I am a civics genius. That's right, folks. I just took this civics exam that a news article said 71% of those surveyed "failed," and guess what: I got every one of the questions right. That's right. I got a 100%. And apparently, the average score was 49%, which would make me a total genius; at least by comparison.
And of course, the purpose of this test was to show that our education system sucks and we're all morons. Hell, the mast at the top of the page sums it up: OUR FADING HERITAGE Americans Fail a Basic Test on Their History and Institutions. This was yet another of those "We're all going to hell in a handbasket" studies that show how much dumber we are than previous generations were. And dollars to donuts, you can bet these same types were telling the previous generations the same damn thing. No matter how bad things used to be, you'll always find somebody to tell you that it's much worse now.
And after taking the test, one thing struck me: The page showing my score showed that the average grade of those taking the test online was a 77.8%. But how likely is that? I mean, it makes sense that people who voluntarily take the test online would be smarter than those selected randomly; but that's a HUGE difference. How could a test score go up by almost 29 points?
Devil's in the Details
And then I looked at the methodology. First off, the online test was only 33 questions, while the real test was 118 questions. But more importantly, this survey was done over the phone. That's right, they made over two thousand people take a 118 question multiple-choice exam over the telephone, and then act surprised that people did poorly. And trust me, some of these questions were difficult and required me to read the choices many times before I felt good about the answer. And a few of them were totally bogus and I just took best guesses at what they wanted. And they expected people to do well on this over the phone?
But of course they didn't. They wanted people to fail. The whole purpose of the exam was so that they could announce that Americans are stupid and that our heritage is fading. That was it. And they made sure to throw in some easy ones, so they could pretend that these were basic questions. But let's look at one of the harder ones:
27) Free markets typically secure more economic prosperity than government’s centralized planning because:
30) Which of the following fiscal policy combinations would a government most likely follow to stimulate economic activity when the economy is in a severe recession?
31) International trade and specialization most often lead to which of the following?
And remember, these are being asked over a long phone conversation with someone who realized they had gotten in deeper than they had planned. And for what? Why should these people, after they've already answered 50 questions, continue to give all their effort to answering this correctly? Is there any doubt the score would have gone up if there was a prize on the line? Of course it would have. This exam didn't test people's civics experience. It was a test of their mental endurance.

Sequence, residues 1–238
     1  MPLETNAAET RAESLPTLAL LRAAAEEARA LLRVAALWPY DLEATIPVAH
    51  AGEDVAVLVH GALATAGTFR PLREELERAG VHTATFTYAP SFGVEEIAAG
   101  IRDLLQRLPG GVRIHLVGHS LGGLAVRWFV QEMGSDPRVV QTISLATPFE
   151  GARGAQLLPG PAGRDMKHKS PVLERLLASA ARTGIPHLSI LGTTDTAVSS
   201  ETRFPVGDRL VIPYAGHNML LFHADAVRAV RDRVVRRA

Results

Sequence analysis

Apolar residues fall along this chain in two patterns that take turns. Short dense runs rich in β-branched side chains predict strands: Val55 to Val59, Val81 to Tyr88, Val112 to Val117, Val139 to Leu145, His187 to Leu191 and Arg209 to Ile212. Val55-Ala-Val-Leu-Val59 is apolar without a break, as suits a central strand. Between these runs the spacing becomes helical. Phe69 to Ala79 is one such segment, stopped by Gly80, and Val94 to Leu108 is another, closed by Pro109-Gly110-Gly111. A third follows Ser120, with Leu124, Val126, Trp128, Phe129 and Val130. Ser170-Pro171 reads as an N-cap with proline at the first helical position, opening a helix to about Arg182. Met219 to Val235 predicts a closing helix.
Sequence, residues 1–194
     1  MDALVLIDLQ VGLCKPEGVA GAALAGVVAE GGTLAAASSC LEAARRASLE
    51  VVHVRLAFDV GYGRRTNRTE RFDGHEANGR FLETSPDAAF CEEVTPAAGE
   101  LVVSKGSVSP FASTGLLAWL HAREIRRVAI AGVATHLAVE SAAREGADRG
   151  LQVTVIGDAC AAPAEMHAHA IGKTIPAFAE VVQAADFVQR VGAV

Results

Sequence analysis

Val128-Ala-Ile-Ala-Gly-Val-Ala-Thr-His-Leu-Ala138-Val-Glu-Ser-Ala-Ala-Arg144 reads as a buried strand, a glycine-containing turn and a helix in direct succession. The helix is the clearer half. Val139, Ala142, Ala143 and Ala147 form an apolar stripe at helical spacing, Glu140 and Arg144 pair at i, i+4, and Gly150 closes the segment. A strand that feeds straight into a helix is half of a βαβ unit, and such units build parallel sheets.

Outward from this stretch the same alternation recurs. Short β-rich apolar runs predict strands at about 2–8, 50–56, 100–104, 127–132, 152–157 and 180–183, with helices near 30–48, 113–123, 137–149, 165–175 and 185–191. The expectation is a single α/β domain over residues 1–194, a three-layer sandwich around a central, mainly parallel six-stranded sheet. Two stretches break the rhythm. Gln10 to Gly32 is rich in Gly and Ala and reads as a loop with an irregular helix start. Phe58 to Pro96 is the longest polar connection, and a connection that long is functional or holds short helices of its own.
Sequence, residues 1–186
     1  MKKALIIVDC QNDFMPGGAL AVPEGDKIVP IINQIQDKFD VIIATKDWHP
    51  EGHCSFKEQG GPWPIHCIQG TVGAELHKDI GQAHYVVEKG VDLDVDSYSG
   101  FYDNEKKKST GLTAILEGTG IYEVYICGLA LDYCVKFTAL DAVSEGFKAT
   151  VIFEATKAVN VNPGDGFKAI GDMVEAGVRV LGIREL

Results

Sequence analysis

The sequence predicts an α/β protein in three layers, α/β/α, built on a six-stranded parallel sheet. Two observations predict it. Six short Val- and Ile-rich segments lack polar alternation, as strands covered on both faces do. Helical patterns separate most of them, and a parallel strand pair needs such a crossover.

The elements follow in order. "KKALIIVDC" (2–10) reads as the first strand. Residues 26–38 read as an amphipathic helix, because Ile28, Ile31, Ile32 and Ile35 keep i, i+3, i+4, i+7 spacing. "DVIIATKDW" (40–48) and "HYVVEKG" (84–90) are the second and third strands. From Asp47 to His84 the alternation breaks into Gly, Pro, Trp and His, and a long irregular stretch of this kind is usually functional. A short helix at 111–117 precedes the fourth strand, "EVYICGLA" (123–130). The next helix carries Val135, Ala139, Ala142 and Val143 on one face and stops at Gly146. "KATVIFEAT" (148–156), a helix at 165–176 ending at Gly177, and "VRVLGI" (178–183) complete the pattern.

And hell, I know a few conservatives who definitely would have gotten the "severe recession" question wrong, because they don't believe in deficit spending. Sure, they're ignorant, but it's only because they've been misled, not because they're not paying attention.
Details v. Concepts
And this kind of crap just bugs the hell out of me. Should people know more than they do about civics and history? Sure. But doing a telephone survey of 118 questions isn't the way to prove it. Remember, the average score for people taking the shorter test online was 77.8%, compared with 49% with the long test over the phone. This didn't test anything except for this group's desire to make us feel stupid.
Hell, the only reason I knew some of those answers is just because I spend so much time debating online and it's stuff that just comes up. But this isn't required knowledge or make me a better citizen. And hell, gauging civics intelligence upon events like the Cuban Missile Crisis is always going to lead to "fading" knowledge, as that was once a current event to people. And frankly, despite the scariness of the situation, I'm not exactly sure how it relates to important civics lessons. People knew it as a current event, not a historical event. The fate of the world was at risk, but it wasn't a Magna Carte level event. The lesson to be learned from it was minor.
Nor do I see why it's important to recognize specific quotes from the Gettsyburg Address or The Declaration of Independence. This wasn't a test for civics as much as it was a specific knowledge test. And while I have no doubts that many of the conservatives I debate with would do well on these questions, I completely doubt their ability to comprehend any of it. Does it really matter which of our rights come from the Bill of Rights, rather than from later amendments? Or does it really matter if you knew whether freedom of religion was in the first or second amendment? I think not. What matters is if people have an idea of why we need these rights; not the order they came in. And I suspect that people have a better understanding of the fuzzy concepts behind our system of government than the specifics that this exam tested.
And that's the bigger point. History shouldn't even be about specific quotes or incidents, but rather a conceptual understanding of why these things happened as a way of informing us of where things might be going. After all, there will only be one Declaration of Independence, but there will always be a need for understanding why it was written. This test didn't begin to test on that knowledge. Americans didn't fail the test; the test failed them.